Dr. Joe Hoagland, vice president of enterprise relations and innovation at TVA, said the federal utility plans to work with local power companies, private industry, and other government agencies across its seven- state region to help promote electric vehicles. TVA was a pioneer in researching EV applications by building the first vehicle test track for EVs in Chattanooga in the 1970s, but the utility later scaled back much of its research on electric vehicles.
Hoagland said about 80 percent of the recharging of electric vehicles is expected to be done at home by EV owners and much of that will come during what are otherwise lower demand periods for power consumption. That should help TVA level its energy load and better utilize its generation.
But to convince more people to buy electric vehicles, more and quicker rechargers are needed for many travelers to allay so-called “range anxiety” by motorists fearful that they won’t be able to recharge their electric vehicles on the road for longer trips.
In Tennessee, there are currently 24 high-voltage recharging stations standardized for all-electric vehicles, although there are other high-voltage stations for particular models such as the Tesla electric car and there are hundreds of low-voltage recharging stations that take longer to re-energize vehicle batteries.
Chattanooga currently has one third of the rapid charging stations due to early investments by EPB, CARTA and Tesla in the city.
Chattanooga was an early leader in testing out battery-powered vehicles at the electric vehicle test facility the Tennessee Valley Authority built in the late 1970s and Chattanooga pioneered one of the first electric- powered downtown shuttle systems in the 1980s built in Chattanooga by Advanced Vehicle Systems (AVS). Chattanooga was once home to the Electric Transit Vehicle Institute, later renamed the Advanced Transportation Technology Institute, and the Chattanooga Area Regional Transportation Authority ( CARTA) started one of the state’s first electric vehicle ride share programs in 2016 to allow drivers to rent battery-powered Nissan Leafs by the hour.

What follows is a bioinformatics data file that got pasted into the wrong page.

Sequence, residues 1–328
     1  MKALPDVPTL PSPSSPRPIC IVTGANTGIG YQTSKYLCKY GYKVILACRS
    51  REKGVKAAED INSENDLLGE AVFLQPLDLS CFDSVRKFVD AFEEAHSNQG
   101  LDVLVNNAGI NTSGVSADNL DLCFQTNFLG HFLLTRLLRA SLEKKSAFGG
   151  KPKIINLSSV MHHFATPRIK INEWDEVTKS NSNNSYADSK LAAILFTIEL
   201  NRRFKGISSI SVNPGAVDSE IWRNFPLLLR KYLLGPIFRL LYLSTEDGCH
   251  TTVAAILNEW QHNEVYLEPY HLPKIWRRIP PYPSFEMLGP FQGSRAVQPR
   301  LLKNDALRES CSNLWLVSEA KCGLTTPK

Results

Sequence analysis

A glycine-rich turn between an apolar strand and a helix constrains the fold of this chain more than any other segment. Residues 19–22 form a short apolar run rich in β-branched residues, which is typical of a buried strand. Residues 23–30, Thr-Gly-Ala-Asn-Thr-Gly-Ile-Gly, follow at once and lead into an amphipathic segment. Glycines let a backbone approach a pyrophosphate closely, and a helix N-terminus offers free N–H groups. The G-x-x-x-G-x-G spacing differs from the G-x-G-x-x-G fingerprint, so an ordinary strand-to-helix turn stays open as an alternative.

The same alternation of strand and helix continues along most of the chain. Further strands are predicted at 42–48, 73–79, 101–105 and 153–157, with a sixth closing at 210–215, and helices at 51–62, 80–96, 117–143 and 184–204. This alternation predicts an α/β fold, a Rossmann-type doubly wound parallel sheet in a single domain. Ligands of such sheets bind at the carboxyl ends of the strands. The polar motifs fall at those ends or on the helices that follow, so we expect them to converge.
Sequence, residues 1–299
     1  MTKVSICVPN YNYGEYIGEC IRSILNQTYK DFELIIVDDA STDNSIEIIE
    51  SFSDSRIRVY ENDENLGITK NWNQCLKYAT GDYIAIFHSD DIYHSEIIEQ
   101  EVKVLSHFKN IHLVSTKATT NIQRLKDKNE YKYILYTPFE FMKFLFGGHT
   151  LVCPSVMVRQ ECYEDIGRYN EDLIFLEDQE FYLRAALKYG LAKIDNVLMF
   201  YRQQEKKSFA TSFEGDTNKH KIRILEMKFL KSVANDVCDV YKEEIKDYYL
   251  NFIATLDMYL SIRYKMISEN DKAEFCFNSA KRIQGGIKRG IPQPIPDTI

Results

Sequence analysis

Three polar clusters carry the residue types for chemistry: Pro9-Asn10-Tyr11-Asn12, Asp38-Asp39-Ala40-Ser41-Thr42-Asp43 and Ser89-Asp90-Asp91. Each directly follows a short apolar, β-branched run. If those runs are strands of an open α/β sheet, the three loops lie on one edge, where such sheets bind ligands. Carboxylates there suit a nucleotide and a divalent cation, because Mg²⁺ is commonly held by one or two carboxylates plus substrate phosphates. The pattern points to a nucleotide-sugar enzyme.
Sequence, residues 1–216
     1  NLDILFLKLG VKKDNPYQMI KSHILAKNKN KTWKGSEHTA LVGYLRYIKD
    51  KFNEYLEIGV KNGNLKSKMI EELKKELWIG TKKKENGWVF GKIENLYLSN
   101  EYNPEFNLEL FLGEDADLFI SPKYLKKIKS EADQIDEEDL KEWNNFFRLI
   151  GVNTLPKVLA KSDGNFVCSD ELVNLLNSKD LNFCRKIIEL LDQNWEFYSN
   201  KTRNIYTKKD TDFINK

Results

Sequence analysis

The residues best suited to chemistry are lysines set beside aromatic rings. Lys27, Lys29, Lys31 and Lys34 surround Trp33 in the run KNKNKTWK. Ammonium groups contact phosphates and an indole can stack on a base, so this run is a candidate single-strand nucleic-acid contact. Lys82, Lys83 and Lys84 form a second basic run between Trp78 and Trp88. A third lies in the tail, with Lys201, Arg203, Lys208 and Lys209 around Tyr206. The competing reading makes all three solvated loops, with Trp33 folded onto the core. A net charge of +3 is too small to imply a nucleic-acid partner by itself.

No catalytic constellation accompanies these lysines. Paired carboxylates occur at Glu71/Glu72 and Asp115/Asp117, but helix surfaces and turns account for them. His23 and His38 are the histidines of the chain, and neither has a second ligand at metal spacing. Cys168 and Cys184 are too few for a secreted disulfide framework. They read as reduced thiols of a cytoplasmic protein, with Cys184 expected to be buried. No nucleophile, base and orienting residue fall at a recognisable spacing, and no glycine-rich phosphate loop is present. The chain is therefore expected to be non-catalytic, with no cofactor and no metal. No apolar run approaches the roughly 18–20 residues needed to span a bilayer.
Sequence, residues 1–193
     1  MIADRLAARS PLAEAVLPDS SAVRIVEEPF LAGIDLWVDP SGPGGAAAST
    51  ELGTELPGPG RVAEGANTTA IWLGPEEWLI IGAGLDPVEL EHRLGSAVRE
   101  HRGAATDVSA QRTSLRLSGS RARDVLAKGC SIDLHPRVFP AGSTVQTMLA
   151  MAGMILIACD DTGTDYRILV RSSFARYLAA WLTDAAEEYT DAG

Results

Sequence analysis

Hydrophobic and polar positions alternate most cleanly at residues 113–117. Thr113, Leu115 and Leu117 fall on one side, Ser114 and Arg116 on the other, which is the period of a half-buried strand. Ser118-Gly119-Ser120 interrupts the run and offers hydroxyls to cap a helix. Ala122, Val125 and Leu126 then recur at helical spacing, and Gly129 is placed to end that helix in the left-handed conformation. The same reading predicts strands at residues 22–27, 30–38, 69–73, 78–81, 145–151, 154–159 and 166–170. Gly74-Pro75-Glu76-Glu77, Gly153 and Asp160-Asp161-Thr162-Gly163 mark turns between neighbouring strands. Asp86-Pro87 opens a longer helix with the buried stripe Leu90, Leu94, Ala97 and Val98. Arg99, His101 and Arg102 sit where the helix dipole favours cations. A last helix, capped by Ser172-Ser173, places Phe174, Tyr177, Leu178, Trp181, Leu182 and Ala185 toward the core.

But AVS later filed for bankruptcy, the TVA test track was idled and transferred to UTC, the research institutes shut down and CARTA suspended its electric car rental program due to limited usage.
But Lyash said he believes the time is now ripe for electric vehicles to take off. Last week, GM announced it will phase out the production of all gas-powered vehicles by 2035.
While TVA doesn’t plan on getting into the business of making or operating electric vehicles or recharging stations, it is working to help facilitate the growth of others in the field within its seven-state service region.
“Electric vehicles offer a significant opportunity for utilities, and TVA is uniquely suited and uniquely positioned to bring together the stakeholders in the Valley to really drive electrification in the transportation sector unlike any other place in the country,” Hoagland told the TVA board last November.
According to the Environmental Protection Agency, traditional forms of transportation are a leading source of carbon emissions while a single electric vehicle can reduce carbon emissions by 8,600 pounds per year. Having 200,000 EVs on the road would save 4 million metric tons of C02 in five years, according to TVA estimates.
Lyash said the 200,000 electric vehicles expected in Tennessee within seven years should spur $120 million of EV recharging infrastructure investments and save motorists an estimated $200 million in fuel expenses. The average cost of recharging a typical EV battery is equivalent to about $1 per gallon of gas, Lyash said, and TVA projects it will keep its electric rates stable for at least the next decade.
“Actively supporting the electrification of transportation multiplies our own carbon reduction efforts and moves the entire region toward greater sustainability and economic opportunity in the future,” Lyash said.